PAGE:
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from livestock on flights to the next top travel destination
The Silk Road is the world’s oldest and longest trade route. Right in the heart sits Uzbekistan, a country with monumental architecture, fascinating culture and a world-changing history, as well as five UNESCO World Heritage Sites.
My first trip to this unique destination was in 1993. The Soviet Union had just broken up, throwing the world stage into confusion.  Uzbekistan, previously behind the Red Curtain, was finally open for intrepid explorers.
I arrived in Tashkent with the names of a few local contacts scribbled on a piece of paper. It quickly became clear that street names and addresses were unreliable, and I found myself lost. By pure luck, a local gentleman I asked for help happened to speak English. He agreed to help me - but only if I signed a 12-page business contract in Russian! The contract would help him get the much desired foreign exchange to import items from abroad.
The adventures continued when I flew to Urgench. As the only foreigner on the flight, I was the first one to board the plane, before even the airline staff. I entered an empty aircraft and started searching for a seat with a working seatbelt. Then, I waited 20 minutes in a haunted aircraft. Finally, other passengers started to board - along with their goats, chickens and other livestock! During any moment of turbulence on the following flight, their cries would fill the plane.
All was worth it for the unique window I got into the legendary Silk Route. Uzbekistan is known to be the most interesting region of the 6,400-kilometer-long Silk Road, which spans from Xian, China, across Central Asia and all the way to Europe.
The hangover of Soviet rules and bureaucracy continued to make Uzbekistan a sometimes challenging place to travel until the death of President Karimov in late 2016. However, the new government is looking at tourism in a very different manner.
The government is making efforts to promote travel to this extraordinary country, starting with simplifying the visa process. As of February this year, citizens of select countries, including Canada, U.S. and the European Union, are now able to get an Uzbekistan visa in only two working days. Visas will be good for 30 days, where before only 7- or 15-days visas were available.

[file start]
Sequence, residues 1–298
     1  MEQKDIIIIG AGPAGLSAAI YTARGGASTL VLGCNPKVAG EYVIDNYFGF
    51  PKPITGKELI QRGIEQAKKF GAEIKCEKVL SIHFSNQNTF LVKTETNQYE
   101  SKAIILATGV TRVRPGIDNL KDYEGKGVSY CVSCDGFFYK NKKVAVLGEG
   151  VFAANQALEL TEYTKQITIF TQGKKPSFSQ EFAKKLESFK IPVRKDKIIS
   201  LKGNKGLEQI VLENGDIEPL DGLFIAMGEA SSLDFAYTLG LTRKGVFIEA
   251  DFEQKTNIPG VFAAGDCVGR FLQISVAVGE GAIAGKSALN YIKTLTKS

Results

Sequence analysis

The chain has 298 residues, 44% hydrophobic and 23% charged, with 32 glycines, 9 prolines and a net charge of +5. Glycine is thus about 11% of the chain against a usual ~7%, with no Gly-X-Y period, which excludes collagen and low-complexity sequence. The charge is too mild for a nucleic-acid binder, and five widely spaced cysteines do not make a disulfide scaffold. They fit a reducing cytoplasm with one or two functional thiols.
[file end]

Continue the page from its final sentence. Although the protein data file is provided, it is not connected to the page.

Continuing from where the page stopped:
What’s more, there are also plans to introduce an easy-to-use e-visa system this July, so that travellers can apply for and receive their visas completely online.
Getting around within the country is improving too. An all-new fast train means travel between the cultural hubs of Khiva and Bukhara is both more comfortable and hours shorter than before, while the opening of nine checkpoints along the Tajikistan border has created all-new touring possibilities. Just last week, the border of Penjikent, a tourist favourite, has also been reopened.
More flights within the country have also been introduced, including the very popular route Urgench (Khiva) to Bukhara, as well as flight connections with other Central Asian cities.
All these changes make Uzbekistan a top travel choice for 2018. Though there won’t be livestock on your flight, this country still provides a once-in-a-lifetime window into the legacy of the Silk Road.

Splendours of Uzbekistan
Discover Uzbekistan, the jewel of the Stans, with this 12-day journey through the country’s legendary history, intimately intertwined with that of the Silk Road. Dive into the thousand-year-old legacies of Khiva and Bukhara, then explore the mesmerizing ruins of Shakrisabz. End in the unequaled World Heritage city of Samarkand.

Route of the Caravans: The Silk Road
Retrace the Silk Road on this epic 18-day journey through Turkmenistan, Uzbekistan, Tajikistan, Kazakhstan & Kyrgyzstan. Embark on an exploration of thousands of years of history as we rediscover the highlights of this ancient trade route, including monumental architecture and fascinating local culture.

Legendary Silk Road by Private Train: From Ashgabat to Almaty
Traverse the jewels of the legendary Silk Road in Turkmenistan, Uzbekistan and Kazakhstan, enjoying spectacular scenery and historic surroundings from  the comforts of our private train. This 14-day journey can also be done in reverse.
Yours in travel,


Mahmood Poonja Posted by Mahmood Poonja, Chief Explorer

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